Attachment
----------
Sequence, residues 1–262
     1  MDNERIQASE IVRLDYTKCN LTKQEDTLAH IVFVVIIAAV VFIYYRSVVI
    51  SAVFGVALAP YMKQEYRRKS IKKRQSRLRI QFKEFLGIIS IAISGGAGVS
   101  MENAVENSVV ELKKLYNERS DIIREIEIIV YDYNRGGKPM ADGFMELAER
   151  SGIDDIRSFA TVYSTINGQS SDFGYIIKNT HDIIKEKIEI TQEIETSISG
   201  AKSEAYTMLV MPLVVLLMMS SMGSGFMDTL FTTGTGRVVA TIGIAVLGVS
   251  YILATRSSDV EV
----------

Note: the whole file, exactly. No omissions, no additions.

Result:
Sequence, residues 1–262
     1  MDNERIQASE IVRLDYTKCN LTKQEDTLAH IVFVVIIAAV VFIYYRSVVI
    51  SAVFGVALAP YMKQEYRRKS IKKRQSRLRI QFKEFLGIIS IAISGGAGVS
   101  MENAVENSVV ELKKLYNERS DIIREIEIIV YDYNRGGKPM ADGFMELAER
   151  SGIDDIRSFA TVYSTINGQS SDFGYIIKNT HDIIKEKIEI TQEIETSISG
   201  AKSEAYTMLV MPLVVLLMMS SMGSGFMDTL FTTGTGRVVA TIGIAVLGVS
   251  YILATRSSDV EV